Owens v. CPS Energy

Western District of Texas, txwd-5:2018-cv-01313

ORDER GRANTING 32 Defendant's Motion for Summary Judgment. Signed by Judge Xavier Rodriguez.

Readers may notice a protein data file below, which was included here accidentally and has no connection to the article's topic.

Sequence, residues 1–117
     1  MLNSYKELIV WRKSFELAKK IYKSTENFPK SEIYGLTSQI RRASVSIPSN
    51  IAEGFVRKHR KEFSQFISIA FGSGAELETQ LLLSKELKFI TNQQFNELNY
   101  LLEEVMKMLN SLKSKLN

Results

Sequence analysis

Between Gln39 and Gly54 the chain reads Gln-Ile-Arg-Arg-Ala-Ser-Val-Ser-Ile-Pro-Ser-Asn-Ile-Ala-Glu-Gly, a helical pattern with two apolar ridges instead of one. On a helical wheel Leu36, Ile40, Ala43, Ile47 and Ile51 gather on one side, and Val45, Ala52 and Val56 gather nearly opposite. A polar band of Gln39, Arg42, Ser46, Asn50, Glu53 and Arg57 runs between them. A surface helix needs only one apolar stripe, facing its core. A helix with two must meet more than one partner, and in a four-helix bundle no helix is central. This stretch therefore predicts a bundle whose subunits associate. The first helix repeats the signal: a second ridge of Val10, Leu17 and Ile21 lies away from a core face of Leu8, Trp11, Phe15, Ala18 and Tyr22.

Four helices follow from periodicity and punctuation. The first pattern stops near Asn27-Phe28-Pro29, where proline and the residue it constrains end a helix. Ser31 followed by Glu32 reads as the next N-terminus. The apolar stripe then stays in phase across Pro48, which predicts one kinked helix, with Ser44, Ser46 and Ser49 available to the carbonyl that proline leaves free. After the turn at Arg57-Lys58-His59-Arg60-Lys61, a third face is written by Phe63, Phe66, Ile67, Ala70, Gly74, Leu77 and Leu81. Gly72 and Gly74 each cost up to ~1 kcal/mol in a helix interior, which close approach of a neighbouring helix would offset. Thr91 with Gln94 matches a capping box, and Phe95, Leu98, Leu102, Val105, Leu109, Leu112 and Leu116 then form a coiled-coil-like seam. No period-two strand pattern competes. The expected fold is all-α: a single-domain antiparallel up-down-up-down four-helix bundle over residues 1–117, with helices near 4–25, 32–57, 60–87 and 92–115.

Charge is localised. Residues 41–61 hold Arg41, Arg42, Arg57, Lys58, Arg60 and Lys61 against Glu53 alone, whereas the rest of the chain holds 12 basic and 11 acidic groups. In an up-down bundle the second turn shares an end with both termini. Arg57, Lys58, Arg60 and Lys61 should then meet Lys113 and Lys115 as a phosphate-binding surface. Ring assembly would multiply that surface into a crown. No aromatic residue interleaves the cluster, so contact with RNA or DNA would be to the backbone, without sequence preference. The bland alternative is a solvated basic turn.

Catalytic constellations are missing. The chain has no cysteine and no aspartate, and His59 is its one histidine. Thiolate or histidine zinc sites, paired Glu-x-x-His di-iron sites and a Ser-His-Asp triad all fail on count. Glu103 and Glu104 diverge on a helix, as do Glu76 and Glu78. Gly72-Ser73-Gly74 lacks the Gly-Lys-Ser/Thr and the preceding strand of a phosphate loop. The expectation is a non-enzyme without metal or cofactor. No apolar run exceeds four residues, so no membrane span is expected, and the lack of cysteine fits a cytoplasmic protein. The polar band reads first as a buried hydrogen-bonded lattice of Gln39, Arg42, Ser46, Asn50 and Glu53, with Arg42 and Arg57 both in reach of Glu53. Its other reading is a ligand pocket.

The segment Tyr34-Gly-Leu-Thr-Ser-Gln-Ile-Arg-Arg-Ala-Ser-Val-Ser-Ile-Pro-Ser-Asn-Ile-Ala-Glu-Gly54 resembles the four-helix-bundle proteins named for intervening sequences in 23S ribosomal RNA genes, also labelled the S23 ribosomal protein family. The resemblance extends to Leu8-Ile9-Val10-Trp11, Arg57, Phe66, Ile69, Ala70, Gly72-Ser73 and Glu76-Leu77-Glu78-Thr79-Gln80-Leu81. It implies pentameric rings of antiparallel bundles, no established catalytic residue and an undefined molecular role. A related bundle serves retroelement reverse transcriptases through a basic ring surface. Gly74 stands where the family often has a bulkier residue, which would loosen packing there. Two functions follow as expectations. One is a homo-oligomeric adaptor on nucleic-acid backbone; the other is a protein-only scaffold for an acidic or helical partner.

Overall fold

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5 IN THE UNITED STATES DISTRICT COURT FOR THE WESTERN DISTRICT OF TEXAS SAN ANTONIO DIVISION SAMUEL L OWENS, § Plaintiff § § SA-18-CV-01313-XR -vs- § § CPS ENERGY, § Defendant § § ORDER On this date, the Court considered Defendant CPS Energy's Motion for Summary Judgment (ECF No. 32). After careful consideration, the Court GRANTS summary judgment in favor of Defendant for the reasons stated below. BACKGROUND This case arises out of the termination of Plaintiff's employment following his violation of Defendant's drug-free workplace policy. Defendant is a municipally owned gas and electric utility operating in Bexar County, Texas and seven other surrounding counties. Plaintiff was employed as a Utility Worker from July 2010 until his discharge on May 11, 2018. At the time of his discharge, Plaintiff worked in Defendant's Northwest Service District Overhead Maintenance Customer Construction Department, and his role required him to obtain a commercial driver's license ("CDL") to perform some of his duties. Defendant's "CPS Energy Alcohol and Drug-Free Workplace Policy" (ECF No. 32-8) ("Drug-Free Policy") applies to all employees, and provides for termination in the event an employee refuses to submit to drug testing, which is defined to include "failing to provide a urine specimen," "failing to provide an adequate urine specimen … without a valid medical 1 5 explanation," and "failing to remain at the testing site until the testing process is complete," among others. The Drug-Free Policy requires supervisors who know an employee has engaged in conduct prohibited by the Policy to immediately remove the employee from performing job functions. The Drug-Free Policy provides for several types of testing, including random testing conducted at "any interval determined by the company" on all "Covered Positions" regulated by the U.S. Department of Transportation ("DOT"). Defendant maintains an additional "DOT – Alcohol and Drug-Free Workplace Policy," which applies to all employees in Covered Positions, and which is supplemented by the Drug-Free Policy where applicable (ECF No. 32-7) ("DOT Policy"). Some of Defendant's employees perform work on gas pipelines and so are also considered covered employees under DOT's Pipeline and Hazardous Materials Safety Administration ("PHMSA"), which has its own regulations regarding drug testing. See generally 49 C.F.R. § 199.100 et seq. Defendant conducts random drug testing of its employees on a quarterly basis. Every quarter of the calendar year, Defendant's Program/Project Manager and Certified Designated Employer Representative, Clevette Hall ("Hall"), uses a scientifically validated computer software program1 to generate a list of employees to be tested during that three-month period. The software generates a list of employees identified only by their employee identification number – neither Hall nor any other manager or supervisor has input into which employees are selected for random drug testing (ECF No. 32-5 ¶ 4, 13). Hall imports the software's list into a spreadsheet, adds employee names and other necessary information, and divides the list into thirds – one third to be tested each month of the quarter.2 The day before a random drug test, 1 DOT-PHMSA regulations require that the selection of employees for random drug testing be made by a scientifically valid method. See 49 C.F.R. § 199.105(c). 2 Hall typically does not alter which employees fall into which month, but she will do so if an employee was tested in the immediately preceding quarter. In that case, Hall does not remove the employee from testing in that quarter 2 5 Hall notifies the supervisor of each selected employee, verifies the employee's availability to be tested at the scheduled time, and provides the supervisor with a notification form.3 On the day of the test, each supervisor informs each selected employee and gives them their notification form. The employee must then report for testing with the collection provider, ARCpoint Labs ("ARCpoint"), a third-party company engaged by Defendant. At the conclusion of a drug test, ARCpoint sends the preliminary results to a Medical Review Officer ("MRO") to be verified. If the result of the drug test is anything but "negative," the MRO makes a reasonable effort to contact the employee and give them an opportunity to discuss the result. When the MRO completes his review, he notifies ARCpoint and Hall of his determination or verification of the results. If the outcome of the test requires further action under Defendant's policies, Hall notifies the appropriate management or human resources personnel. In the second quarter of 2018, Plaintiff's employee number was included in the random pool of employees to be tested (ECF No. 32-12). Since Plaintiff had already been tested in the first quarter of 2018,4 Hall ensured he was placed in the May (rather than the April) group for testing, pursuant to her usual practice. On the morning of May 8, 2018, Plaintiff reported for his shift beginning at 6:30 a.m. His supervisor, Customer Construction Manager David Miller ("D. Miller") informed Plaintiff he had been selected for testing that day, which Plaintiff did not think was anything out of the ordinary at the time (ECF No. 32-3, Pl. Dep. 122:18–20). Plaintiff altogether, but instead ensures that the employee is tested in the second or third (as opposed to the first) month of the quarter. 3 The Drug/Alcohol Test Notification Form advises employees of their random selection, informs them that they have 15 minutes to report to the collection provider after receiving the notification, and states that "Refusals, not reporting in a timely manner, not making a first attempt, and/or failure to test are policy violations which will lead to corrective action, up to and including termination." The form is acknowledged by the signature of both the supervisor/manager delivering it and by the selected employee. See ECF No. 32-13. 4 During his employment, Plaintiff was subject to random drug testing on four occasions: December 3, 2012; April 3, 2017; January 10, 2018; and May 8, 2018. He also submitted to a pre-employment drug test on June 23, 2010. For each of these tests except the May 8, 2018 test, Plaintiff's results were negative for the presence of any prohibited drugs. 3 5 received and signed his notification form (ECF No. 32-13) and reported for testing with ARCpoint. Plaintiff made his first attempt to provide a urine specimen at 6:33 a.m. but was unsuccessful. Plaintiff made a second unsuccessful attempt about two hours later. ARCpoint personnel explained to Plaintiff the DOT's "shy bladder" regulations, and that if he failed to provide a sample within three hours it could be considered a refusal to test (ECF No. 32-3, Pl. Dep. 136:2–5). Plaintiff did not make any additional attempts before the three-hour mark, despite being given the opportunity to do so (ECF No. 32-3, Pl. Dep. 164:14–21). Plaintiff left the ARCpoint testing site and returned to his jobsite briefly. Meanwhile, ARCpoint personnel informed Hall that Plaintiff "did not want to make a final attempt to provide a urine sample" before the three-hour period had expired (ECF No. 32-20). Hall advised D. Miller of Plaintiff's refusal to test, and D. Miller then instructed Plaintiff to leave the jobsite and return to the Northwest Service District offices. Once there, Plaintiff met with D. Miller, Manager Gilbert Brown, and Director Richard Lujan, with Hall joining by phone. Hall explained the applicable regulations, that an MRO would be contacting Plaintiff to discuss the results,5 and that the potential outcome was a refusal to test (ECF No. 32-3, Pl. Dep. 146:13–25). Plaintiff was sent home and suspended with pay awaiting the final results of his drug test. After Plaintiff was sent home, he called the MRO, Dr. Paschall of National Medical Review, who conducted a "Donor Interview" with Plaintiff. Dr. Paschall asked Plaintiff if he had any preexisting conditions or other medical reason he could not produce a urine specimen during his three-hour testing window. Plaintiff admitted (and continues to admit) that he has no 5 The parties agree that during this meeting Hall also gave Plaintiff contact information for an MRO. According to Plaintiff, the information Hall provided was for the wrong doctor – Dr. Tetrick, who had retired. Plaintiff tracked down the correct contact information for the actual MRO (Dr. Paschall) himself. Plaintiff does not contend that Hall gave him the incorrect contact information on purpose. Pl. Dep. 148:5-16. Both doctors are associated with National Medical Review, the company Defendant uses for MRO reviews of drug tests. 4 5 such medical condition (ECF No. 32-21; ECF No. 32-3, Pl. Dep. 151:7–20). According to Plaintiff, Dr. Paschall suggested that Plaintiff call Defendant and ask for a retest (ECF No. 32-3, Pl. Dep. 151:21–152:2). Plaintiff called Lujan, who told Plaintiff to call HR; and so, Plaintiff called Hall and told her about his conversation with Dr. Paschall (Id. at 149:22–150:14). Hall was at lunch and asked if she could call Plaintiff back (Id. at 150:7–14). Before calling Plaintiff back, Hall called Dr. Paschall to confirm what Plaintiff had told her (ECF No. 32-15). According to Hall, Dr. Paschall denied instructing Plaintiff to call Defendant to schedule a retest. Hall called Plaintiff back and disputed that Dr. Paschall had told Plaintiff to request a retest (ECF No. 32-3, Pl. Dep. 150:22–151:4). In an attempt to conduct his own retest independently, Plaintiff then went to Texas MedClinic and requested a DOT drug test. When Plaintiff stated he wanted the results to be sent to Defendant, the clinic called Defendant to request authorization (Id. at 154:21–155:4). Lisa Jarzombek Balcar ("Balcar"), an employee in Defendant's Employee Benefits department, answered the clinic's call and then asked Hall if she had sent Plaintiff to the clinic for a random drug test. Hall told Balcar that she had not, and instructed Balcar not to approve the request (ECF No. 32-15). Balcar informed the clinic, who told Plaintiff and then asked him to leave, which he did (ECF No. 32-3, Pl. Dep. 155:23–156:11). Later that day, Dr. Paschall sent his final determination/verification of Plaintiff's results as "REFUSAL TO TEST" to ARCpoint (ECF No. 32-21), who sent it to Hall, who notified HR. In accordance with Defendant's policy requiring termination for a refusal to test, HR began the discharge process. Plaintiff's termination was approved by six decisionmakers.6 On May 11, 6 Defendant's discharge process requires input and approval from a group of collective decisionmakers. Plaintiff's termination was approved by J. Miller and Lujan as well as Vice President of People and Culture Lisa Lewis, Chief Safety and Security Officer Fred Bonewell, Senior Director of Labor Engagement Marian Briggs, and Senior Manager of Human Resources Veronica Uriegas. ECF No. 32-32. 5 5 Lujan called Plaintiff to inform him that his employment was being terminated. Plaintiff was also issued a letter dated May 11, 2018, which states that the decision to terminate Plaintiff was "based on your failure to provide urine sample for testing without a valid medical explanation after receiving notice for testing under the CPS Energy DOT Alcohol-Drug-Free Workplace Policy." (ECF No. 32-24). On June 18, 2018, Plaintiff dual-filed a Charge of Discrimination with the U.S. Equal Employment Opportunity Commission and the Texas Workforce Commission Civil Rights Division, alleging Defendant discriminated against him based on race (ECF No. 32-25). The Charge described Plaintiff's May 8 drug test, failure to provide a specimen, and subsequent termination. Other than his post-termination Charge, Plaintiff never made any complaint of discrimination to Defendant during his employment.7 Plaintiff admits that the only complaint he ever made during his employment concerned a confrontation he had with a co-worker in February 2018, which Plaintiff did not allege was related to his race or color. After the EEOC dismissed Plaintiff's Charge and issued a Notice of Right to Sue, Plaintiff filed the present lawsuit in the District Court for Bexar County, Texas, alleging that Defendant discriminated against him on the basis of his race and color in violation of Title VII of the Civil Rights Act of 1964 and 42 U.S.C. § 1981. After removing the case to this Court, Defendant filed the present Motion for Summary Judgment (ECF No. 32), seeking dismissal of Plaintiff's lawsuit in its entirety.8 Plaintiff has failed to respond. 7 Defendant maintains an "Equal Employment Opportunity and Anti-Harassment Policy" (ECF No. 32-1) applicable to all employees, vendors, contractors and customers. The EEO Policy: prohibits discrimination, harassment, and retaliation based on protected characteristics such as race and color; explicitly prohibits supervisors or managers from basing employment decisions on any protected characteristic; outlines procedures to report prohibited conduct; and requires supervisors or managers to promptly report any observations, information, or reports of discrimination or harassment. 8 Defendant's Motion for Summary Judgment focuses on Plaintiff's Title VII claim and neglects to include any discussion about Section 1981. Defendant's motion also does not separately address any potential claims of hostile 6 5 DISCUSSION I. Summary Judgment Standard The Court will grant summary judgment if the record shows that there is no genuine issue as to any material fact and the moving party is entitled to judgment as a matter of law. FED. R. CIV. P. 56(a). "A fact is material only if its resolution would affect the outcome of the action." Wiley v. State Farm Fire & Cas. Co., 585 F.3d 206, 210 (5th Cir. 2009). Thus, a genuine issue of material fact exists if the evidence is such that a reasonable jury could return a verdict for the nonmoving party. Anderson v. Liberty Lobby, Inc., 477 U.S. 242, 248 (1986); Bayle v. Allstate Ins. Co., 615 F.3d 350, 355 (5th Cir. 2010). The moving party bears the initial burden of informing the court of the basis for the motion and of identifying those portions of the record which demonstrate the absence of a genuine issue of material fact. Celotex Corp. v. Catrett, 477 U.S. 317, 323 (1986); Adams v. Travelers Indem. Co., 465 F.3d 156, 163 (5th Cir. 2006). "To satisfy its initial responsibility, a movant without the burden of proof at trial need only point out that there is an absence of evidence to support the non-movant's claim to shift the burden to the non-movant to show that summary judgment is not proper." Bishop v. Seterus, Inc., No. SA-18-CV-843-XR, 2019 WL 2774339, at *1 (W.D. Tex. July 1, 2019) (citing Fields v. City of S. Hous., 922 F.2d 1183, 1187 (5th Cir. 1991)). Once the burden shifts, the nonmoving party must "go beyond the pleadings" and designate competent summary judgment evidence "showing that there is a genuine issue for trial." Adams, 465 F.3d at 164; Matsushita Elec. Indus. Co., Ltd. v. Zenith Radio Corp., 475 U.S. 574, 585–87 (1986). "Rule 56 does not impose upon the district court a duty to sift through the work environment or retaliation. Nevertheless, the same analysis in Defendant's motion applies to all of Plaintiff's claims, and Defendant's motion seeks dismissal of Plaintiff's "lawsuit in its entirety." 7 5 record in search of evidence to support a party's opposition to summary judgment." Ragas v. Tennessee Gas Pipeline Co., 136 F.3d 455, 458 (5th Cir. 1998). Although courts in the Fifth Circuit "construe[] the submissions of pro se litigants broadly in deference of their status," this liberal construction does not alleviate the pro se party's burden to present evidence in support of their claims. Garza v. Laredo Indep. Sch. Dist., 309 F. App'x 806, 809 (5th Cir. 2009) (affirming district court's grant of summary judgment against pro se plaintiff claiming national origin discrimination and retaliation). If the nonmoving party does not respond to a motion for summary judgment, summary judgment may be entered against them if appropriate. Fields, 922 F.2d at 1187 (5th Cir. 1991). However, even where the nonmoving party has failed to respond, "[a] motion for summary judgment cannot be granted simply because there is no opposition." Hibernia Nat. Bank v. Administracion Cent. Sociedad Anonima, 776 F.2d 1277, 1279 (5th Cir. 1985). The moving party must still meet its burden or else "the court may not grant the motion, regardless of whether any response was filed." Id. at 1279. The parties may satisfy their respective burdens by tendering depositions, affidavits, and other competent evidence. Topalian v. Ehrman, 954 F.2d 1125, 1131 (5th Cir. 1992). Mere conclusory allegations, unsubstantiated assertions, improbable inferences, unsupported speculation, and hearsay evidence (unless within a recognized exception) are not competent summary judgment evidence. Walker v. SBC Servs., Inc., 375 F.Supp.2d 524, 535 (N.D. Tex. 2005) (citing Eason v. Thaler, 73 F.3d 1322, 1325 (5th Cir. 1996); Forsyth v. Barr, 19 F.3d 1527, 1533 (5th Cir.), cert. denied, 513 U.S. 871 (1994); Fowler v. Smith, 68 F.3d 124, 126 (5th Cir. 1995)). When ruling on a motion for summary judgment, the Court is required to view all facts and inferences in the light most favorable to the nonmoving party and resolve all disputed facts in favor of the nonmoving party. Boudreaux v. Swift Transp. Co., Inc., 402 F.3d 536, 540 8 5 (5th Cir. 2005). A court "may not make credibility determinations or weigh the evidence" in ruling on a motion for summary judgment. Reeves v. Sanderson Plumbing Prods., Inc., 530 U.S. 133, 150 (2000); Anderson, 477 U.S. at 254–55. However, when the nonmoving party has failed "to address or respond to a fact raised by the moving party and supported by evidence, then the court may consider the fact as undisputed" and "[s]uch undisputed facts may form the basis for a summary judgment." Broadcast Music, Inc. v. Bentley, Civil Action No. SA-16-CV-394-XR, 2017 WL 782932, at *2 (W.D. Tex. Feb. 28, 2017). "The court also considers 'evidence supporting the moving party that is uncontradicted and unimpeached.'" Gordon v. Acosta Sales & Mktg., Inc., No. SA-13-CV-662-XR, 2014 WL 7339117, at *3 (W.D. Tex. Dec. 22, 2014), aff'd, 622 F. App'x 426 (5th Cir. 2015) (quoting Reeves, 530 U.S. at 151). II. Legal Framework Title VII of the Civil Rights Act of 1964 prohibits an employer from discriminating against any individual with respect to his compensation, terms, conditions, or privileges of employment because of race or color. 42 U.S.C. § 2000e–2(a)(1). Where a plaintiff lacks direct evidence of discrimination, the burden-shifting framework established by the Supreme Court in McDonnell Douglas governs. McDonnell Douglas Corp. v. Green, 411 U.S. 792 (1973). In order to survive summary judgment under McDonnell Douglas, a plaintiff must first establish a prima facie case of discrimination by showing that (1) he is a member of a protected class, (2) he is qualified for the position at issue, (3) he suffered an adverse employment action, and (4) he was replaced by someone outside the protected class or was treated less favorably than others similarly-situated. Okoye v. Univ. of Tex. Houston Health Sci. Ctr., 245 F.3d 507, 512–13 (5th Cir. 2001) (citing McDonnell Douglas, 411 U.S. 792 and Reeves, 530 U.S. 133). If the plaintiff succeeds in establishing a prima facie case, the burden shifts to the defendant to proffer a 9 5 legitimate, nondiscriminatory reason for its action. Okoye, 245 F.3d at 512. If the defendant satisfies its burden of production, the plaintiff may still prevail by offering sufficient evidence to create a genuine issue of material fact that either (1) the defendant's reason is false and is a pretext for discrimination, or (2) that although the defendant's reason is true the plaintiff's protected characteristic was a "motivating factor" in its decision. McDonnell Douglas, 411 U.S. at 804–05; Tratree v. BP N. Am. Pipelines, Inc., 277 F. App'x 390, 394 (5th Cir. 2008). When used as parallel causes of action, Section 1981 requires the same proof as Title VII to establish liability for employment discrimination, Roberson v. Alltel Info. Servs., 373 F.3d 647, 651 (5th Cir. 2004) (citing Shackelford v. Deloitte & Touche, LLP, 190 F.3d 398, 403 n.2 (5th Cir. 1999)), and the same burden-shifting framework established in McDonnell Douglas applies. Wesley v. Gen. Drivers, Warehousemen & Helpers Local 745, 660 F.3d 211, 213 (5th Cir. 2011) (citing Patterson v. McLean Credit Union, 491 U.S. 164, 186 (1989)). Therefore, the Court will analyze Plaintiff's claims under both statutes together. III. Race and Color Discrimination a. Plaintiff fails to establish a prima facie case of discrimination It is uncontested that Plaintiff is an African American who was qualified for his position and suffered an adverse action when his employment was terminated. But Defendant correctly points out that there is an absence of evidence to support that Plaintiff was either replaced by someone outside the protected class or was treated less favorably than others similarly situated. Plaintiff offers no evidence regarding his replacement and admits that he does not know who replaced him (ECF No. 32-3, Pl. Dep. 163:6–8). Plaintiff's conclusory allegations that he was selected for a random drug test "because he was being pushed out of his position" for "another person with a different Race and Color" (ECF No. 1-4 at 3) are mere "conclusory 10 5 allegations, speculation, or unsubstantiated assertions" that are "inadequate to satisfy the nonmovant's burden." Chen v. Ochsner Clinic Found., 630 F. App'x 218, 223 (5th Cir. 2015). Plaintiff also fails to establish that he was treated less favorably than other similarly situated employees. Plaintiff's allegations that he was chosen for his random drug test because of his race or color (ECF No. 1-4 at 3) or that he would have been given an opportunity to retest if he were a "Caucasian male" (ECF No. 12 at 2), lack any supporting record evidence and are mere suspicions that do not create a genuine fact issue for trial. Chen, 630 F. App'x at 223. This is especially true in the face of Defendant's unrefuted summary judgment evidence that Plaintiff was in fact randomly selected for his drug test without regard to his race or color, and that no other employee has been allowed to conduct a retest in the last five years (ECF No. 32-5 ¶ 15). Plaintiff attempts to compare himself to other employees who violated other workplace policies – falsifying timesheets, carrying a firearm in a company vehicle, and being charged with DUIs outside of work. These claims, supported by nothing but hearsay evidence, also fail as a matter of law because the other employees had different job positions and/or supervisors and committed different policy violations, and thus are not similarly situated under the law of the Fifth Circuit. See Lee v. Kansas City S. Ry. Co., 574 F.3d 253, 260 (5th Cir. 2009) ("conduct that drew the adverse employment decision must have been 'nearly identical' to that of the proffered comparator who allegedly drew dissimilar employment decisions."); see also Eyob v. Mitsubishi Caterpillar Forklift Am., Inc., 745 F. App'x 209, 213 (5th Cir. 2018), as revised (Aug. 10, 2018) (employees who performed different job functions were not similarly situated); Vincent v. College of the Mainland, 703 F. App'x 233, 238–39 (5th Cir. 2017) (proffered comparator not similarly situated where plaintiff failed to establish that he violated the same policy as plaintiff); Crosby v. Computer Sci. Corp., 470 F. App'x 307, 309 (5th Cir. 2012) 11 5 (proffered comparator not similarly situated where he violated different aspects of policy than plaintiff). b. Defendant has produced a legitimate, non-discriminatory reason that Plaintiff has failed to refute. Even if Plaintiff had established a prima facie case of discrimination, his claims would still fail as a matter of law because Defendant has produced unrefuted evidence to show it had a legitimate, non-discriminatory reason for its adverse action against Plaintiff. The record shows that Defendant selected Plaintiff for random drug testing without regard to race or color, and that his termination for refusal to test was in accordance with Defendant's neutral, written policies and not motivated by race. Plaintiff has presented no record evidence that any of the decisionmakers involved in his random drug testing or his termination had any sort of racial animus towards him. He even admits that other than "other employees who had violated CPS policy … who were not fired," he has no reason to believe that his termination had anything to do with his race (ECF No. 32-3, Pl. Dep. 170:4–20). Once again, Plaintiff's conclusory allegations and suspicions that his termination was motivated by race are insufficient to show pretext or to defeat summary judgment. See Eyob, 745 F. App'x at 214 (affirming summary judgment and holding defendant's treatment of employees not similarly situated to plaintiff cannot support an inference of pretext). IV. Other Potential Claims Plaintiff does not clearly plead a cause of action for hostile work environment or retaliation, and he did not clearly allege either in his EEOC Charge. But in accordance with the liberal construction afforded pro se litigants, the Court will examine these potential claims on the merits. 12 5 a. Hostile Work Environment To establish a prima facie case of hostile work environment based on race discrimination under Title VII, Plaintiff must establish (1) he belongs to a protected group, (2) he was subjected to unwelcome harassment, (3) the harassment was based on race, (4) the harassment affected a term, condition, or privilege of employment and (5) the defendant knew or should have known of the harassment and failed to take prompt remedial action. Carrera v. Commercial Coating Servs. Int'l, Ltd., 422 F. App'x 334, 337 (5th Cir. 2001). Plaintiff clearly fails to establish any such prima facie case. Plaintiff alleges that he "discovered" his work environment "became very hostile" during his May 2018 random drug test (ECF No. 1-4 at 4). Plaintiff also states that he "feels that Employers should be encouraged to take appropriate steps to prevent and correct unlawful harassment," and goes on to recite several statements of law regarding harassment and hostile work environment claims (Id. at 7–9). But Plaintiff fails to allege any specific conduct that he believes was abusive or harassing because of his race, much less anything that could rise to the level of "discriminatory conduct … so severe or pervasive that it created a work environment abusive to employees because of their race." Harris v. Forklift Systems, Inc., 510 U.S. 17, 22 (1993). Summary judgment is appropriate where a plaintiff "conclusorily alleges that Defendant created a hostile work environment" but "never specifically points to the specific conduct giving rise to these allegations" and "[t]he record contains no evidence of any incident wherein Plaintiff was subjected to harassment because of his race … i.e., no verbal comments, threats, or disparaging remarks are alleged." See Hernandez v. Dep't of Treasury, No. CIV.A. 02-3164, 2003 WL 22715648, at *6 (E.D. La. Nov. 13, 2003) (granting summary judgment). This Court 13 5 finds that any potential hostile work environment claim Plaintiff has raised fails as a matter of law. b. Retaliation To make out a prima facie case for retaliation under either Title VII or Section 1981, Plaintiff must show that (1) he engaged in conduct protected by Title VII, (2) he suffered a materially adverse action, and (3) a causal connection exists between the protected activity and the adverse action. Carrera v. Commercial Coating Servs. Int'l, Ltd., 422 F. App'x 334, 339 (5th Cir. 2011). "The type of conduct protected by Title VII is broadly defined as opposition to any practice made unlawful by Title VII." Niemietz v. City of Converse, No. SA-17-CV-401- XR, 2017 WL 6265089, at *4 (W.D. Tex. Dec. 7, 2017) (citing Crawford v. Metro Gov't of Nashville and Davidson Cty., Tenn., 555 U.S. 271, 277–78 (2009)). Plaintiff fails to raise a genuine issue of material fact as to both engaging in protected conduct and causation. Plaintiff alleges that his February 2018 complaint against his co-worker "for invading his personal space, yelling and pointing his finger in Plaintiff's face" was the reason he was selected for his May 2018 random drug test. He also claims that Defendant wanted to terminate his employment after this complaint "because they thought that he was going to be problematic for them," and that he was not allowed a retest "on purpose because he wrote a grievance against another CPS employee." (ECF No. 1-4 at 1–3, 7). Defendant has produced unrefuted summary judgment evidence that these allegations are not true. But even if they were, Plaintiff still fails to allege that he engaged in any protected activity – a confrontation with a co-worker that has nothing to do with a protected characteristic is not contemplated by Title VII or Section 1981. Plaintiff further admits that he made no reports or complaints of discrimination while employed with Defendant. And, Plaintiff has failed to allege, much less provide competent summary 14 5 judgment evidence, that his report of the confrontation caused any materially adverse action. Defendant has produced unrefuted summary judgment evidence that Plaintiff was drug tested based on random selection and terminated based on his violation of Defendant's Drug-Free Policy. CONCLUSION The Court finds that Plaintiff has failed to raise any genuine issues of material fact so as to defeat Defendant's Motion for Summary Judgment. Plaintiff cannot establish a prima facie case of discrimination because he cannot show that he was replaced by someone outside of his protected class or that he was treated less favorably than other similarly situated employees. And even if he could, Defendant has produced a legitimate, non-discriminatory reason for its actions that Plaintiff has failed to respond to. Any of Plaintiff's allegations that could be construed as claims for hostile work environment harassment or retaliation also fail as a matter of law. Accordingly, the Court GRANTS summary judgment to Defendant as to all claims. The Clerk is directed to enter a judgment on behalf of Defendant. Defendant is awarded costs and may file a bill of costs pursuant to the local rules. It is so ORDERED. SIGNED this 24th day of October, 2019. XAVIER RODRIGUEZ UNITED STATES DISTRICT JUDGE 15